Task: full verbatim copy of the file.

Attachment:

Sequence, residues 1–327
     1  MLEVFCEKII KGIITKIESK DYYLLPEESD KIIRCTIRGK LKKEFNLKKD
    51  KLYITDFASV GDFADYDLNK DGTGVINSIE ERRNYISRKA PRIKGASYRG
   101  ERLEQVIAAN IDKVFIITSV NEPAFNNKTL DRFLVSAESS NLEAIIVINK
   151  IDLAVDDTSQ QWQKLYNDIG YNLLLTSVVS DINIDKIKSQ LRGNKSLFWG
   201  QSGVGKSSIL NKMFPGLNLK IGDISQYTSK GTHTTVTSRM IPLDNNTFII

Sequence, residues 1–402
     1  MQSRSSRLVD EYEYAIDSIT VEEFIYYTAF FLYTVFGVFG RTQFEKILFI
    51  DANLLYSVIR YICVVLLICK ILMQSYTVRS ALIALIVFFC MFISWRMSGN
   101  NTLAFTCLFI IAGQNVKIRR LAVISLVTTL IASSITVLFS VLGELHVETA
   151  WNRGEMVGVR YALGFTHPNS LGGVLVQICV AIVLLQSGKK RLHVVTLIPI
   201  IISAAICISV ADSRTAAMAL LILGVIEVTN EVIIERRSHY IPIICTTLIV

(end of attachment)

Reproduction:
Sequence, residues 1–327
     1  MLEVFCEKII KGIITKIESK DYYLLPEESD KIIRCTIRGK LKKEFNLKKD
    51  KLYITDFASV GDFADYDLNK DGTGVINSIE ERRNYISRKA PRIKGASYRG
   101  ERLEQVIAAN IDKVFIITSV NEPAFNNKTL DRFLVSAESS NLEAIIVINK
   151  IDLAVDDTSQ QWQKLYNDIG YNLLLTSVVS DINIDKIKSQ LRGNKSLFWG
   201  QSGVGKSSIL NKMFPGLNLK IGDISQYTSK GTHTTVTSRM IPLDNNTFII

Sequence, residues 1–402
     1  MQSRSSRLVD EYEYAIDSIT VEEFIYYTAF FLYTVFGVFG RTQFEKILFI
    51  DANLLYSVIR YICVVLLICK ILMQSYTVRS ALIALIVFFC MFISWRMSGN
   101  NTLAFTCLFI IAGQNVKIRR LAVISLVTTL IASSITVLFS VLGELHVETA
   151  WNRGEMVGVR YALGFTHPNS LGGVLVQICV AIVLLQSGKK RLHVVTLIPI
   201  IISAAICISV ADSRTAAMAL LILGVIEVTN EVIIERRSHY IPIICTTLIV